The pandemic has shown that brands truly are people made

The last 18 months have instigated an unstoppable but necessary shift in priorities. After almost a year and a half of isolation and uncertainty, we’re all seeing a glimpse of normality as the economy starts to heal and many of us head back to the office. The pandemic has led many to think deeply about what they want from life: do they want to spend more time with their families? Or perhaps they want a better work-life balance at a company that values them as individuals and aligns with their plans for the future.

Individuals are setting their priorities straight and taking action, and there’s no going back from it. People are resigning from positions in their thousands, something that has been dubbed as the Great Resignation. It is not a singular moment in time; the pandemic has activated previously untapped consciousness inside many. The reevaluation of what matters has spurred people into action, it is an exciting moment of change and disruption, and it’s here to stay.

While employees see it as a moment of excitement and opportunity, organisations are naturally concerned about losing their most valuable asset: their employees. It’s up to organisations to determine how to approach this new era: with panic and fear or embrace the change positively by learning and improving from the experience. It may be tempting for companies to bury their heads in the sand, but the Great Resignation offers an unmissable opportunity to build back stronger and improve employee retention down the line in the process. Similarly, by embracing this work-life awakening with open arms, organisations can be better prepared to hire (and retain) new talent.

We’ve outlined a few steps people leaders can take, both big and small, to improve employee retention and build back stronger.

Listen to your employees and actively involve them in decision-making.

Try to look at things from the perspective of your employees. They resent significant changes that they have not been consulted about because those changes can affect their lives in a big way. A change they view as unfavourable may push them in the direction of resignation. The key is not to redesign the business from the centre. Consult employees on the elements of their pre-pandemic experiences that they want to restore and the elements they want to leave in the past. Don’t make assumptions about what you think is best for them because they are not one homogenous group that all think in the same way; they are individuals with their own preferences and priorities. Actively involve them in building the business post-pandemic and give them a voice; you’ll come out stronger as a result.

Train managers in dealing with matters of work and life.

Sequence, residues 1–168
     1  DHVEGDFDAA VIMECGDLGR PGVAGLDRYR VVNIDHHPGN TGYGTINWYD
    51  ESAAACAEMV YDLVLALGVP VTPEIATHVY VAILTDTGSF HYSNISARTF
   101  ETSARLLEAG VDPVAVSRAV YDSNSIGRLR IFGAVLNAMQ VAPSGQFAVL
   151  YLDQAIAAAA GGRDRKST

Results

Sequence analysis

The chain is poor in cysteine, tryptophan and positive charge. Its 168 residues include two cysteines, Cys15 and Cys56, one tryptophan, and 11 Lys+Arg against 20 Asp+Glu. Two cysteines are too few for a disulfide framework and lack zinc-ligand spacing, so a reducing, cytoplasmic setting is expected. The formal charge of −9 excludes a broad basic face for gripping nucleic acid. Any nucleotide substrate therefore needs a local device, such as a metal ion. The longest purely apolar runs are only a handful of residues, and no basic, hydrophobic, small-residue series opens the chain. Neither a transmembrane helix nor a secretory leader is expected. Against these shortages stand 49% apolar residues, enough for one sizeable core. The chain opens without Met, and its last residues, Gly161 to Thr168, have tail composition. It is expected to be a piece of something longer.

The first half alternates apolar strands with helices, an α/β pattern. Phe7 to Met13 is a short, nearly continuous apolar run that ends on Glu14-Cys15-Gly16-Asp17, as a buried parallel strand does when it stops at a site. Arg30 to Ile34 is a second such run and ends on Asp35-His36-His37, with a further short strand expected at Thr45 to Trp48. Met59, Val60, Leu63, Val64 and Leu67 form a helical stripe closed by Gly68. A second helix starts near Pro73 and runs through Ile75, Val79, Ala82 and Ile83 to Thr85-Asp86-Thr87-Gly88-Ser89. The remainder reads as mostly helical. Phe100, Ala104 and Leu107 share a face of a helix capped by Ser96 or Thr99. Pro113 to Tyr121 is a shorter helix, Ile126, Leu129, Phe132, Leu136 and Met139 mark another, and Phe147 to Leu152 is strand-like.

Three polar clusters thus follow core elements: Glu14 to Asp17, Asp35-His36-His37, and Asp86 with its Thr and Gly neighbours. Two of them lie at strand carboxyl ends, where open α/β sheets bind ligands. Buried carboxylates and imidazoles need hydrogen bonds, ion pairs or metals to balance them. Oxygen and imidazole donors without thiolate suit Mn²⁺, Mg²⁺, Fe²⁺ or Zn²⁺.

Up-skilling managers to have effective conversations with their teams about their work and their lives must be a key priority. Work and life are not two separate entities — they are intertwined, and managers should be adequately equipped to have honest, empathetic conversations with their employees to make them feel genuinely valued.

Rethink etiquette.

In consultation with employees, creating a new code of conduct around etiquette may help employees feel more connected with their colleagues and managers. For example, people leaders can establish etiquette best practices around meeting times, employee visibility and encourage understanding and consideration for all team members.

Give them more reasons to stay.

Try to think beyond compensation and benefits; a creative approach will encourage employees to stay engaged with your business. For example, learning opportunities and coaching platforms will enable your employees to focus on their professional development, which will help keep them motivated. Or perhaps you could start offering more flexible employment models such as sabbatical leave to allow employees to pursue other interests for a time — just some food for thought.

Inevitably, organisations will lose people that they want to retain. Still, it would be best if you embraced this unique opportunity to find new perspectives, and in the process, attract new talent to help the business flourish. There’s no time like the present to sharpen your employee value proposition to cut through the noise other companies are making and showcase your businesses’ compelling stories to individuals seeking new opportunities.

Can we help you map out your own employer experience, and see where you’re delivering and where you could improve? If you’d like to chat about what that might look like, message or drop a line to [email protected]​people-​made.​com. We’d love to hear from you!